Dave confides in Ellen about wanting to turn things over to Nance and she goes along, even though she’s fallen in love with Dave and doesn’t want to lose him. Alexander, meanwhile, goes to the press and reveals Mitchell’s involvement in the Savings and Loan fraud he’d earlier implicated Nance in.

Speaking before a joint session of Congress to address the allegations, Dave acknowledges wrong-doing and even brings a bulging briefcase of evidence that implicates himself and Alexander in the fraud. But he also publicly apologizes to Nance, just before falling to the floor, the victim of yet another stroke.

In a speech before a Joint Session of Congress, Dave exonerates the Vice President Nance (Ben
Kingsley) and puts the blame on himself and Alexander, before dropping dead from another stroke.

On the way to the hospital, Dave switches places with President Mitchell, whose body is wheeled into the emergency room. Dave makes his escape, dressed like a paramedic from the Washington D.C. Fire Department.

Fast forward to several months in the future; Nance has become Acting President and when Mitchell finally succumbs to his stroke, President of the U.S. Meanwhile, Alexander and others in the Mitchell administration are indicted for their involvement with the S&L fraud; and Mitchell’s jobs bill, which Nance has supported, becomes law.

Back at his temp agency, Kovic has decided to get politically involved and is running for city council on a shoe-string budget, with Murray as his campaign manager. One day, Ellen appears at the office to volunteer. Dave takes her back to his office, where they kiss. Realizing that everyone is watching them, Dave turns the blinds. For extra security, Duane, now wearing a Kovic campaign button, steps forward to guard the door.

Once you get past the coup d’état plot twist and our right as Americans to expect our elected officials to be real is violated, the movie is really rather funny. I mean, who but the most naïve would expect their accountant friend to be able to make heads or tails out of the federal budget? And what’s more, make headway.

Kevin Kline is a very versatile actor, proving here he can play two roles, though honestly his time as the real President Mitchell is very brief. But Kline is a man who can play comedy, winning the Best Supporting Actor Oscar for A Fish Called Wanda (1988); drama, Sophie’s Choice (1982); and musicals, The Pirates of Penzance (1983), based on the musical he also starred in on Broadway.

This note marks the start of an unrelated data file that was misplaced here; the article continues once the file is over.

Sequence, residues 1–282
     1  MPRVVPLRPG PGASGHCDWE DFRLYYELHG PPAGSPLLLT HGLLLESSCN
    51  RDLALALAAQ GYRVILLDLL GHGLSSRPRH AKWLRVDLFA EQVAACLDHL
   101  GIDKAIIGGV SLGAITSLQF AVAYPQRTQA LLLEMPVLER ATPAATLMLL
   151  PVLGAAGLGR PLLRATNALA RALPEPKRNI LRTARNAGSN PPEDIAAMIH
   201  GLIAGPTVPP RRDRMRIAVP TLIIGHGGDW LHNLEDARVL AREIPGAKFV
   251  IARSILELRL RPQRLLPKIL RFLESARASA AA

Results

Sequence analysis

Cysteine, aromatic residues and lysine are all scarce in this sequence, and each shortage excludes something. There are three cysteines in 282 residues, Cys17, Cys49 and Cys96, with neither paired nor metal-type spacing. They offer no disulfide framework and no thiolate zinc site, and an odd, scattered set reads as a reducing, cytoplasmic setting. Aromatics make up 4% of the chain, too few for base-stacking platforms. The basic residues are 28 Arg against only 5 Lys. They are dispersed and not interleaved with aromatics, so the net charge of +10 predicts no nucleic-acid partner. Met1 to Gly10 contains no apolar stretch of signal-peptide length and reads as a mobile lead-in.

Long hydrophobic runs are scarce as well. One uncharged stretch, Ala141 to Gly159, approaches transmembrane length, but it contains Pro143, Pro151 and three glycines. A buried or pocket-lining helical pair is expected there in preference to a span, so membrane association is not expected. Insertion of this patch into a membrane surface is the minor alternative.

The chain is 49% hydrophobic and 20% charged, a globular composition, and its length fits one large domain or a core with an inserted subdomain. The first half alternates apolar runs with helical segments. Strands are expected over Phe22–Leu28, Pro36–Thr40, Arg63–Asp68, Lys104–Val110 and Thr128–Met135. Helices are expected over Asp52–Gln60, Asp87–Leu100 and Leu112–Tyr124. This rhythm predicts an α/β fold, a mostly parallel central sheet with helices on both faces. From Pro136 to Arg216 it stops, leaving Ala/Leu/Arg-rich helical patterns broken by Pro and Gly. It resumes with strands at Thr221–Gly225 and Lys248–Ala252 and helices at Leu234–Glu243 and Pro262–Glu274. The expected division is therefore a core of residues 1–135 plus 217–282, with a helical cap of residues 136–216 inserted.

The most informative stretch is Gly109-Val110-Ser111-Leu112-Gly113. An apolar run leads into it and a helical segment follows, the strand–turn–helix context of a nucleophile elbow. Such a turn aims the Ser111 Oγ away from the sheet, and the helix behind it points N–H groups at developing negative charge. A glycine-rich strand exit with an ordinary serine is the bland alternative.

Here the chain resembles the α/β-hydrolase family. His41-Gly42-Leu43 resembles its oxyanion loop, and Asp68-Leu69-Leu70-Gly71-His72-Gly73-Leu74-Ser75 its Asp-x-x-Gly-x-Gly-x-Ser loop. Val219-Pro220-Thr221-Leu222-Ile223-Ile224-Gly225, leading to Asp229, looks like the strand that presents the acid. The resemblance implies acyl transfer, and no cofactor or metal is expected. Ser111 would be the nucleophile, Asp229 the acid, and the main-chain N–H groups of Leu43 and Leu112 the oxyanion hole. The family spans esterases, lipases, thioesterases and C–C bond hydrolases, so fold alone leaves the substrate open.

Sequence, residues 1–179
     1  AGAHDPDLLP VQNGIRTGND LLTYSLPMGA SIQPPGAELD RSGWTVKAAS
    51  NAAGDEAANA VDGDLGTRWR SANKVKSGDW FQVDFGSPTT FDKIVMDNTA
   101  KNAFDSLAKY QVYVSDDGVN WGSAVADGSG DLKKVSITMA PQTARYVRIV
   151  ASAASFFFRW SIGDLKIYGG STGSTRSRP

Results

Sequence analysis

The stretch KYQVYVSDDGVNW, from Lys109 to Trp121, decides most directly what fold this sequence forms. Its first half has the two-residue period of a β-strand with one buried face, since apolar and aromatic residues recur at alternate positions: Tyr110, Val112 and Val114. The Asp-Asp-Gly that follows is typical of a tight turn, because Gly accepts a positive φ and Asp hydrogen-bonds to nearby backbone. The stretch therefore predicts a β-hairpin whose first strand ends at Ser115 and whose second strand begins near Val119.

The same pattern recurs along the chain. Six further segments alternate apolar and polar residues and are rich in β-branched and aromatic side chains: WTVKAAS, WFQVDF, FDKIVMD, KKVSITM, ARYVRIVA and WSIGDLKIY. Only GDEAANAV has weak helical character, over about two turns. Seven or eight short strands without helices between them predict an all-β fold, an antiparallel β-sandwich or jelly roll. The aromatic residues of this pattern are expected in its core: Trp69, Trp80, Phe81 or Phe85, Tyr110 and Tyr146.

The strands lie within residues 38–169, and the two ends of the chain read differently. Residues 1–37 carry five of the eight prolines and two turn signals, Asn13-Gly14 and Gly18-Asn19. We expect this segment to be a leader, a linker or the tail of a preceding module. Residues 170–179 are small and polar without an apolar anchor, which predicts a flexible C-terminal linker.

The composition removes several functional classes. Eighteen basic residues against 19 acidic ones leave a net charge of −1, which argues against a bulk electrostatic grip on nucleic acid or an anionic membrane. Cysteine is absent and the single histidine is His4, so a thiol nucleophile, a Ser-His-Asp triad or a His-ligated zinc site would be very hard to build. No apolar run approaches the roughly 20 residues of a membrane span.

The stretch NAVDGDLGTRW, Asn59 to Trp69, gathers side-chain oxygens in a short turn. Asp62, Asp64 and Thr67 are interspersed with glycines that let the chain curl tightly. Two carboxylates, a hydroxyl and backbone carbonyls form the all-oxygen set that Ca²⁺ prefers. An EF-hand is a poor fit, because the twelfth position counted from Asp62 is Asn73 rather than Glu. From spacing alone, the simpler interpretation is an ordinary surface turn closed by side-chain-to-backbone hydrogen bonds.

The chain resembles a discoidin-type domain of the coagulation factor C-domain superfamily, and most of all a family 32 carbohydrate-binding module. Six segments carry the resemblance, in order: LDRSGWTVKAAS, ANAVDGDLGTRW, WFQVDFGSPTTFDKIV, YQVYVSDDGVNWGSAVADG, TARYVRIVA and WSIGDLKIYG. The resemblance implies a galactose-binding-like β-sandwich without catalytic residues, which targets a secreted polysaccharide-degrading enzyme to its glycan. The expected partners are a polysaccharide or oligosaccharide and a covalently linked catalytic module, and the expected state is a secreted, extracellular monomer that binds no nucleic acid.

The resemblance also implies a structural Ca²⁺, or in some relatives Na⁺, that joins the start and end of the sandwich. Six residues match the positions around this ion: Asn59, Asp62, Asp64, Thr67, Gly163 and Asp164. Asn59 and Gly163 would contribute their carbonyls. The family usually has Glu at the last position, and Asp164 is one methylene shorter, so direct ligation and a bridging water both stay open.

Prior to Dave, Kline had also appeared in The Big Chill (1983), and Grand Canyon (1991) both written and directed by Lawrence Kasdan, as well as the biopic Chaplin (1992), in which he appeared as Douglas Fairbanks.

While he has done voice work for a series of animated films, including The Hunchback of Notre Dame (1996), The Road to El Dorado (2000), The Hunchback of Notre Dame II (2002), and the more recent The Tale of Despereaux (2008), his live action films since have been somewhat hit or miss. Wild Wild West (1999) which co-starred him with Will Smith, was a big budget film that underperformed at the box-office. De-Lovely (2004), a biopic in which Kline plays Cole Porter received mixed reviews and did not, despite its low budget, make much money. On the other hand, he received second billing to Steve Martin in The Pink Panther (2006), which was successful enough to spawn a sequel. Kline can currently be heard doing voice work on Fox’s animated series Bob’s Burgers.

Sigourney Weaver, who usually gives a solid performance, is good as Ellen Mitchell. You get a real sense that she’s been through a lot of grief in her marriage, what with his affairs, that she’s not really that upset to see him lying as a virtual vegetable after his stroke. The fact that she could fall in love with his doppelganger is a little strange, but if you believe you fall in love with the same type of person, then it’s quite plausible.

Frank Langella, who made a big splash as the title character in Dracula (1979), plays the power-mad White House Chief of Staff Bob Alexander, perhaps a foreshadowing of his Academy nominated depiction of Richard Nixon in Frost/Nixon (2008). While Mitchell is tangentially shown to be a Republican, Alexander is more obviously depicted as one, especially by the association shown with Nixon’s and Ford’s speechwriter Ben Stein played by himself.

Still bad, but less evil is Kevin Dunn as White House Communications Director Alan Reed. The Republican with a decent heart, who helps Dave right the wrongs Mitchell’s administration had created. Dunn has appeared in a variety of roles on both television and film, bouncing between dramas like Mississippi Burning (1988), Nixon (1995), All the King’s Men (2006), Lions for Lambs (2007) and True Detective (2014); and comedies Ghostbusters II (1989), Hot Shots! (1991), Vicky Cristina Barcelona (2008) and Veep (2013).

Ving Rhames, in the year before he played Marsellus Wallace in Pulp Fiction (1994), shows his comedic side here as a Secret Service Agent, a small, but important role. Ben Kingsley plays an even smaller role as Vice President Gary Nance. Quite a come down from Gandhi (1982) and Betrayal (1983), but Kingsley is one of those actors that uses his considerable talents in roles both big and small.

There are a couple of notable actresses who have small roles in the film. Laura Linney appears in only her second film as Randi, President Mitchell’s lover, and Bonnie Hunt appears as a White House Tour Guide in only her third film appearance. Both would go on to bigger and better roles, but still have a screen presence in this one.

One of the interesting aspects of the film is seeing the political pundits playing themselves, including John McLaughlin, Eleanor Clift, Chris Matthews, Freddy "the Beadle" Barnes, Larry King, Nina Totenberg, Sander Vanocur and Michael Kinsley. Their presence lends a certain realism to the proceedings without distracting from the humor of Dave. In fact, seeing them debate the changes in President Mitchell is part of the joke, so to speak.

Let yourself believe the premise and you’re in for a fun time. While politics is at the basis of the movie, there is not so much of it that you really have to understand too much to enjoy Dave. Funny with just enough romance sprinkled in; this is a movie I would definitely recommend.